The right surface topography can even kill bacteria and is labelled as bactericidal, an ability possessed by the wing surface of certain species of cicada. Zoom in and the wing is bristling with a regular array of nano-scale pillars that can rupture the cell walls of a bacterium on contact. Biomimetic methods employing metal organic frameworks can build on this activity and one approach uses a zeolitic imidazolate framework to make “nano-dagger arrays” which are taller, sharper and stiffer than the pillars on a cicada’s wing. The surface is also positively charged and able to reel in the negatively charged bacteria, resulting in impressive bactericidal activity.
Developing scalable ways of utilising antibacterial surface topography is clearly important if these ideas are ever to be used meaningfully. Recent research has described the development of nanoimprinting methods that can be used to make polymers patterned with free-standing nanoscale structures (such as pillars) with dimensions below 50nm. The antibacterial activity varies by polymer, but most examples demonstrate improved activity, or no significant reduction in activity, relative to their non-structured counterparts. The principal use case discussed is food packaging, recognising that shelf-life is a function of contamination with bacteria and other microorganisms.
Since being recognised by the US Environmental Protection Agency as the first antimicrobial metal, research into the use of copper has grown. In vitro assays suggest solid copper surfaces can kill 99.9% of micro-organisms within two hours of contact. The bactericidal effect is mainly attributed to the release of copper ions which affect the integrity of the bacterial membrane and bacterial wall, generate intracellular oxidative stress, and are genotoxic.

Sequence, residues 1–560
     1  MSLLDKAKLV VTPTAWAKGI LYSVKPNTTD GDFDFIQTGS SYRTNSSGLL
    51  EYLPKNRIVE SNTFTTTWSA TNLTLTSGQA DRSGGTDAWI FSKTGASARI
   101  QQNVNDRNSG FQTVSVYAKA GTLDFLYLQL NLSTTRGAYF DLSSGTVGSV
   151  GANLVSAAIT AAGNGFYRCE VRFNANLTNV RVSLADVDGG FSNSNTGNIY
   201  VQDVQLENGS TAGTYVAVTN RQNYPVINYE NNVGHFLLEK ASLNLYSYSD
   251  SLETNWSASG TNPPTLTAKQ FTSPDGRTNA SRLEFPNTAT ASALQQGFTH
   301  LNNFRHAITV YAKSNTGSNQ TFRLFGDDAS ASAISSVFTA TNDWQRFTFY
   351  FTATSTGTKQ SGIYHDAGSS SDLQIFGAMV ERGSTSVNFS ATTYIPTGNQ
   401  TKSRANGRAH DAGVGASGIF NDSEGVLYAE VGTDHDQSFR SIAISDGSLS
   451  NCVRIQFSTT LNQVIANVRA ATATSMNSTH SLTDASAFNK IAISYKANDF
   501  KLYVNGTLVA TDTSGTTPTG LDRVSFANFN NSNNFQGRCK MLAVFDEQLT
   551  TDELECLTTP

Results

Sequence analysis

One commercial example is Copper Armour (CA). CA comprises copper particles of various shapes (dendritic, globular) and sizes (nano- to micro-scale) embedded in a methyl methacrylate resin that can be used to create surface coatings. A study of CA reports significant reductions in bacterial populations and promotes the use of CA to complement existing infection control strategies.
Some photocatalytic surfaces are described as self-cleaning because they are able to put the energy of UV light to work in killing pathogens. UV light hitting TiO2 excites electrons and forms electron-hole pairs that are inhibited from recombining, due to electron migration within the lattice. The reactivity of the electron-hole pair is then transferred to a target species, directly or indirectly. One mechanism involves the creation of reactive oxygen species (e.g. hydroxyl radicals) which can kill bacteria by attacking the cell membrane.